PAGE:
Basin and Range

Basin and Range

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The first of John McPhee's works in his series on geology and geologists, Basin and Range is a book of journeys through ancient terrains, always in juxtaposition with travels in the modern world--a history of vanished landscapes, enhanced by the histories of people who bring them to light. The title refers to the physiographic province of the United States that reaches from eastern Utah to eastern California, a silent world of austere beauty, of hundreds of discrete high mountain ranges that are green with junipers and often white with snow. The terrain becomes the setting for a lyrical evocation of the science of geology, with important digressions into the plate-tectonics revolution and the history of the geologic time scale.

Bastard on the Couch

Bastard on the Couch

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The husband of The Bitch in the House responds with a collection of original essays in which male writers describe what men desire, need, love, and loathe in their relationships and in the world today.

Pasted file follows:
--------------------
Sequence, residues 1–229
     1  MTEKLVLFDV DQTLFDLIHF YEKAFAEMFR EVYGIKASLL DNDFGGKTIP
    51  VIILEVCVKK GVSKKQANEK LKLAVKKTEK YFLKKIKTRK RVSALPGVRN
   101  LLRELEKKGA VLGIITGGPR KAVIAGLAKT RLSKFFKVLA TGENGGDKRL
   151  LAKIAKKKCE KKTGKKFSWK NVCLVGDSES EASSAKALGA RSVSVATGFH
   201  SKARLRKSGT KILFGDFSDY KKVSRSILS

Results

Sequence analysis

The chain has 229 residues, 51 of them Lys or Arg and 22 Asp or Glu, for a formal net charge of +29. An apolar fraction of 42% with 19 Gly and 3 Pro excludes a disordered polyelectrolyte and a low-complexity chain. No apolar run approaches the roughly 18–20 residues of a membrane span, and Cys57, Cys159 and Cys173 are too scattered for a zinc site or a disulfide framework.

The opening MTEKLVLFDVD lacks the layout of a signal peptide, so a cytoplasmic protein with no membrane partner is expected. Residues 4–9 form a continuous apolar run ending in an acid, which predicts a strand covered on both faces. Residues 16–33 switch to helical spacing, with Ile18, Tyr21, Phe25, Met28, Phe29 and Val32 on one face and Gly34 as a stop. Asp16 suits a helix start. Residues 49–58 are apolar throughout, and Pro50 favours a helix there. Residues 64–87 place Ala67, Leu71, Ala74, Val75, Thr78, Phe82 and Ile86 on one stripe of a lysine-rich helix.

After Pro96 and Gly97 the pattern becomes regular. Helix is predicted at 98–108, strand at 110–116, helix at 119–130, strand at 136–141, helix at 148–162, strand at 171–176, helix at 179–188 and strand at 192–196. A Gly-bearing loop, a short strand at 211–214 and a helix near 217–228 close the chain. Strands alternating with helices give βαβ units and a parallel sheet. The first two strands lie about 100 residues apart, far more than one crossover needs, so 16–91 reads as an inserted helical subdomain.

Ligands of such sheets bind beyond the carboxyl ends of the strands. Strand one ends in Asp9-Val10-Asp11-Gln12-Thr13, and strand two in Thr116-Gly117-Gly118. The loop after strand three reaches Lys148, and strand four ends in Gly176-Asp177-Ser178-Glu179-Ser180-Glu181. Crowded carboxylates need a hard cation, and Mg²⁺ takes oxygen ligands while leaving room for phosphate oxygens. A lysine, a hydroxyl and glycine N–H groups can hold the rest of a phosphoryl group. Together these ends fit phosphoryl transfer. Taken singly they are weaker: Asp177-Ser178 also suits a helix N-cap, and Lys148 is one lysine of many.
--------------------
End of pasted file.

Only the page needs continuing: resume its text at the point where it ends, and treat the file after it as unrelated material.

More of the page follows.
Cathi Hanauer's bestselling The Bitch in the House: 26 Women Tell the Truth about Sex, Solitude, Work, Motherhood, and Marriage spurred a national conversation about the level of friction in contemporary marriages and relationships. Now her husband, Daniel Jones, has rallied the men for the literary equivalent of The Full Monty, in which twenty-seven thoughtful, passionate and often hilarious men, lay it bare when it comes to their wives and girlfriends, their hopes, and fears.

Enough with pop psychiatrists telling us why men lie, cheat, and want nothing more than to laze around the house in front of the TV. Enough with women wondering aloud-at increasing volume-why the men in their lives behave the way they do. The time has come for men to speak for themselves.

Many of the husbands and fathers in these pages contemplate aspects of their personal lives they've never before revealed in print-they kick open the door on their marriages and sex lives, their fathering and domestic conflicts, their most intimate relationships and situations. Yet unlike the average meat-and-potatoes father who still rules the roost, these men are grappling with new ideas of manhood -- some they are going after and grabbing, and others that are being thrust upon them by a changing world.